At that point, Barkhurst was told that that after boot camp he would spend six months in musical training, followed by a year on a ship and then two more years on a Naval base. He was sent to training in Norfolk, Va., “where male flute players were in very short supply.”

“In high school, almost all the flute players had been girls, so when it came to the military, where women at that time weren’t allowed in the bands, there were few guys playing flute,” he said.

Barkhurst quickly learned the the shortage of male flutists meant that many of them did not get assigned to ships and bases but were appointed directly to the primo assignments as members of the military concert bands, “and a month before graduation I was called in and told that the U.S. Navy Band in Washington, D.C., needed a flute player for six months, and I should go to audition.”

He checked in for the audition, and while walking through the halls could hear the concert band in practice.

“They were the best musicians I had ever heard, so I thought my chances weren’t very good, especially when I found out that a guy named Henry Hoffman was one of the three judges, and he had a flute performance degree from the Juilliard School, and another guy had a degree from the Eastman School.”

The audition went “straight to the classics — it was a real professional audition,” Barkhurst remembered. “Fortunately, I had been practicing for at least a month by then, so I felt that I was at about 95 percent, and I gave it my best shot.”

Afterward, Hoffman told Barkhurst to go have a seat, “and then he came and told me he wanted to introduce me to the leader of the band, who was a big guy with silver hair who was smoking a pipe.

“He said to me, ‘You have a degree from the University of Oregon?’ “, and Barkhurst’s heart sank as he had to admit it wasn’t in music but journalism.

“Journalism? Could you do public relations for us, too?” the band leader asked, and Barkhurst was in. “It was all I could do not to look up to see if there was some guardian angel there looking after me,” he said.

He played flute in a ceremonial band for a year, then spent two years traveling with the concert band throughout the eastern half of the United States. Upon leaving the service, he returned to Oregon, did some graduate work at the UO, and resumed his musical and theatrical performance activities in his spare time.

His day jobs included becoming the advertising manager for the locally owned Tiffany’s drugstore chain from 1974-88, then moving to the UO music school where he spent the next 23 years directing public relations until his retirement in 2011.

He and his wife, pianist, singer and music teacher Marlene Barkhurst, both remain active in performing at First United Methodist Church in Eugene. He still appears regularly on theater stages, including Actors Cabaret of Eugene, The Shedd Institute for the Arts, and the Very Little Theatre as well as Radio Redux.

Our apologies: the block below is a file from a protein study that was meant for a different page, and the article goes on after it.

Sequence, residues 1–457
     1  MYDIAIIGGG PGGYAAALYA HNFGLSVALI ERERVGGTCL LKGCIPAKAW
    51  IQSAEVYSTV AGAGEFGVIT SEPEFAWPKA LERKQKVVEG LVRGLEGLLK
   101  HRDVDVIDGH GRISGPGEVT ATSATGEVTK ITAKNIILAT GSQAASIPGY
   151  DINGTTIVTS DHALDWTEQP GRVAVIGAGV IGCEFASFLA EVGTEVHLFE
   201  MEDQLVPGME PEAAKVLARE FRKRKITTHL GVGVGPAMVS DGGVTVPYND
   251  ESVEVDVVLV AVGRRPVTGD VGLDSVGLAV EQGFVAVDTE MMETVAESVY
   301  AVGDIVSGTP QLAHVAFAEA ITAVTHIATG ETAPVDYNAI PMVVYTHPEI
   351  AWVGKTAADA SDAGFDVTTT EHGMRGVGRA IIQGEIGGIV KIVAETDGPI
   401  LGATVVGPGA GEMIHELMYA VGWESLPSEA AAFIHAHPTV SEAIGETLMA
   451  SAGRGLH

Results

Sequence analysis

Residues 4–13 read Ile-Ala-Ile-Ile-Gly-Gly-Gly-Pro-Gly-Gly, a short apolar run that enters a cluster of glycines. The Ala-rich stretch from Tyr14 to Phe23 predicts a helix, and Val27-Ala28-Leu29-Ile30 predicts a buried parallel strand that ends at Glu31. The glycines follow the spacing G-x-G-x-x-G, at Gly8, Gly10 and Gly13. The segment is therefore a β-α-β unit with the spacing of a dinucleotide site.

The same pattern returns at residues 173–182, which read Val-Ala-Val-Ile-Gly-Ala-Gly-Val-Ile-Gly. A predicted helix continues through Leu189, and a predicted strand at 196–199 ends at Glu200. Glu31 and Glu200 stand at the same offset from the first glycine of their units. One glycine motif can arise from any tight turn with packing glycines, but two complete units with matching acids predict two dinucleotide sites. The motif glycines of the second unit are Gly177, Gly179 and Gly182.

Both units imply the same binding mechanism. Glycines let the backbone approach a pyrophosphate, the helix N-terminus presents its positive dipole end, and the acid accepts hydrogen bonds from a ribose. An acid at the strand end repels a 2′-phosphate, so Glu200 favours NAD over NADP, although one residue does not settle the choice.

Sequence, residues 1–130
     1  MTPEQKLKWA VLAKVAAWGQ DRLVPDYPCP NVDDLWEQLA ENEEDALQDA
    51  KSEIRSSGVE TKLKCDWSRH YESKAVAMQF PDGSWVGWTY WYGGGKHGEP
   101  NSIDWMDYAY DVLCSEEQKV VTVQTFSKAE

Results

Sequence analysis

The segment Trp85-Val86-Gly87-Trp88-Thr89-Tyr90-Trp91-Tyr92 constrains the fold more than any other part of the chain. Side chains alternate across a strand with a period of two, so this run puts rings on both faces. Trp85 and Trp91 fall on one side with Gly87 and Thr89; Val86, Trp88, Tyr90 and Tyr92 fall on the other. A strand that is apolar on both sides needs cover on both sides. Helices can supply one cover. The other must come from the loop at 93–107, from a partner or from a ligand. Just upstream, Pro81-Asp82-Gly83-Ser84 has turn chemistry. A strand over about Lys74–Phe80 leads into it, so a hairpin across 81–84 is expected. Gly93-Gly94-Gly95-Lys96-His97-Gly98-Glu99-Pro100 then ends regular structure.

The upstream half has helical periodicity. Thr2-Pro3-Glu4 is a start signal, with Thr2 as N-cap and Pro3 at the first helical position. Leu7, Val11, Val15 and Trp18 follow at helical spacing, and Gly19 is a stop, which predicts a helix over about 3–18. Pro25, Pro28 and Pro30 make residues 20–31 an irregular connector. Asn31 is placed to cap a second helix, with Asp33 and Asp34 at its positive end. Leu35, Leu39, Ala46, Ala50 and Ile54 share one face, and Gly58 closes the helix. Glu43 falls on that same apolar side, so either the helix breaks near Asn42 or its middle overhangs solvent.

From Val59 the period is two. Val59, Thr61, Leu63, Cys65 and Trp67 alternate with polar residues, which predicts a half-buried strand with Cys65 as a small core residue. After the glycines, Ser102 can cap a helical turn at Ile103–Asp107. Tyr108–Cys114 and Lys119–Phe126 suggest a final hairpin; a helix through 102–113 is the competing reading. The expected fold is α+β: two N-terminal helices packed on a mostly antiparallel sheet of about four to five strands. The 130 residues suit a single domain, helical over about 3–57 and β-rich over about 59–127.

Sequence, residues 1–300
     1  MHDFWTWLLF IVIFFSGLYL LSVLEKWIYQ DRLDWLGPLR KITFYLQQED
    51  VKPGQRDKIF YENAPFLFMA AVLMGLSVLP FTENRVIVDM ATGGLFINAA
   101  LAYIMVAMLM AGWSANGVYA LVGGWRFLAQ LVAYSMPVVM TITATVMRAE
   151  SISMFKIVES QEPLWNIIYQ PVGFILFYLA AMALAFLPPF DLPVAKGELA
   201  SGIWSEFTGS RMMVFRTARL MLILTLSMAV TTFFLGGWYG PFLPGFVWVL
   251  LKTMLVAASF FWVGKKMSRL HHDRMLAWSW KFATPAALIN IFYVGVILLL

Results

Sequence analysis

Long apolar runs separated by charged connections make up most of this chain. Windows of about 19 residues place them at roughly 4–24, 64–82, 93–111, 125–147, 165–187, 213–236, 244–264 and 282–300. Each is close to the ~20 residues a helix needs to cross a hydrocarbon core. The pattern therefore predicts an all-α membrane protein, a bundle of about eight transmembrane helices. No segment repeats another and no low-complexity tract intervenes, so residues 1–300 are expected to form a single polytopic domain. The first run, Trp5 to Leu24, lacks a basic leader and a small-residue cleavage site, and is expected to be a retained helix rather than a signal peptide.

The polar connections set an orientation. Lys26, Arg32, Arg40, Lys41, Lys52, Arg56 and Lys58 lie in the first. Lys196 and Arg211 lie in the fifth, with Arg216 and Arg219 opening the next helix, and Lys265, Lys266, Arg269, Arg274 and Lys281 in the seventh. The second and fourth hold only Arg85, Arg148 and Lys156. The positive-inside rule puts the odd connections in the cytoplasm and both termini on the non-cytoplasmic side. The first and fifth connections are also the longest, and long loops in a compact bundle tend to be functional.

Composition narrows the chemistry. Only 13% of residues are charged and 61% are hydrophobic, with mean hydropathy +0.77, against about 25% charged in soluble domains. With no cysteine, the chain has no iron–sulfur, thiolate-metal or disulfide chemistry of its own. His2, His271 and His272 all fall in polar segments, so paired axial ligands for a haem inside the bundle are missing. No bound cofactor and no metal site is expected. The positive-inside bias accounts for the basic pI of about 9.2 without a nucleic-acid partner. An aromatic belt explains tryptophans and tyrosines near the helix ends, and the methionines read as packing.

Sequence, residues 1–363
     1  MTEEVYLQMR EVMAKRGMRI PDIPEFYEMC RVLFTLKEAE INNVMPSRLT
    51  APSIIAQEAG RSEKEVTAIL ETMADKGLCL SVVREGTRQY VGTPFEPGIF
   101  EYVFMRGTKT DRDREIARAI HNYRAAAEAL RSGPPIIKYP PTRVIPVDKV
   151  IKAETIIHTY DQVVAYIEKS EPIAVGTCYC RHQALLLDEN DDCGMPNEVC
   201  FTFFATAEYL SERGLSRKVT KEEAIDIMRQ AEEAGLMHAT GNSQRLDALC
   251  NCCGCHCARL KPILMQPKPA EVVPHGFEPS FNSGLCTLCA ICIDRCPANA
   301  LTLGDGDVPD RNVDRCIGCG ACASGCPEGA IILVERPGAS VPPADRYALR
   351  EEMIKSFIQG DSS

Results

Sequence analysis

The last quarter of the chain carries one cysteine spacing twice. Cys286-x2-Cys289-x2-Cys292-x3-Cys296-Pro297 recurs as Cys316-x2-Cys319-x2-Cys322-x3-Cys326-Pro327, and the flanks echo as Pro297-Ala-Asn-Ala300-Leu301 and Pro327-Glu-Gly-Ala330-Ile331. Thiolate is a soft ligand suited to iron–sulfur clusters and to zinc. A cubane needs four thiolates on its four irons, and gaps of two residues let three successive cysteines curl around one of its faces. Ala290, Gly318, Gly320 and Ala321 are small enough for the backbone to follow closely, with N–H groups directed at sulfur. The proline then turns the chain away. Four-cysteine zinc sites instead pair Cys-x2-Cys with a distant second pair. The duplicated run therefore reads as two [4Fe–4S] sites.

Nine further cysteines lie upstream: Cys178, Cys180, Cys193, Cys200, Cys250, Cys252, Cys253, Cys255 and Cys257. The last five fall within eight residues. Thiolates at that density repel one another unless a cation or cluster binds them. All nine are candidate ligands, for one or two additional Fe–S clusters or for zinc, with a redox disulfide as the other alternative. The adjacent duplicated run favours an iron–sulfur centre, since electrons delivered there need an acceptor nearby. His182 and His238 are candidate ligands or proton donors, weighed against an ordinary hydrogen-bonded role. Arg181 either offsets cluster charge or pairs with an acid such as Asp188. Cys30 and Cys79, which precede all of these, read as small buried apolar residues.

Looking back, Barkhurst picks a few high points in his acting career.

“I loved doing It Runs in the Family at the Very Little Theatre in 1996, and at Lane Community College in 1988 when I was Audrey II in Little Shop of Horrors,” he said. “I tried out for that again when VLT did it earlier this year, but I got beat out for the part by Scott Machado, who did a great job.”

Another all-time favorite role was the wise man, Mr. Lundie, in Brigadoon, which Barkhurst did at The Shedd in 2008 and again in 2018 at Actors Cabaret of Eugene.

A real Mel Blanc fan

One of the reasons Barkhurst finds doing voices for Radio Redux easy and fun is his lifelong fascination with cartoon voices.

“I grew up watching cartoons, and Mel Blanc, who was the king of the voice actors, was a favorite,” he said. I was single back then, and I would get invited to a lot of other people’s homes, so I was looking for a way to reciprocate, and I wanted to do it when there was nice weather. So when I realized realized that Mel Blanc’s birthday was May 30, it seemed perfect.”

He sent out potluck invitations peopled with cartoon characters, and everybody would watch videotapes of cartoons with Mel Blanc’s voices. The party quickly became a tradition.

Somewhere in the mid-1980s, someone at the party said he thought Blanc had died sometime earlier that year, “and someone else had told me the same thing before,” Barkhurst said. Then, about three months later, one of them called to apologize. He told me that he knew someone who knew Mel Blanc well, and that ‘Mel Blanc lives.’ “

That December, no doubt thanks to that friend-of-Blanc, Barkhurst received a publicity picture in the mail of the voice actor, surrounded by images of his characters, and signed, ‘Merry Christmas, Mel Blanc.’ I framed that picture and hung it in my dining room.”

The next May, “I sent a a thank-you message, a picture of my previous year’s party, and an invitation to that year’s party to Mel Blanc’s office,” he said. “An hour into the party, the phone rang. I answered it, and someone said, ‘Hello, Doc, is this Scott Barkhurst?’ I couldn’t believe it. He said, ‘I appreciate the invitation, but guys in their 80s don’t get out a lot, but I still do some work. I appreciate what you’re doing up there in Eugene.’

“So we all gathered around and sang Happy Birthday to him, in four-part harmony.”

The next year Blanc called again, and the one after. But the fourth year, in 1989, there wasn’t a call.

“I found out later the he had died a few weeks after the party,” Barkhurst said. “Somewhere along the way, I bought his autobiography, and I was surprised to learn that he spent part of his childhood in Portland, and went to Lincoln High School.”

As a young man, Blanc also had performed in vaudeville shows throughout Oregon, Washington, and northern California.

“Maybe that’s why he responded when he heard about our parties in Eugene,” Barkhurst said. “That is a really special memory.”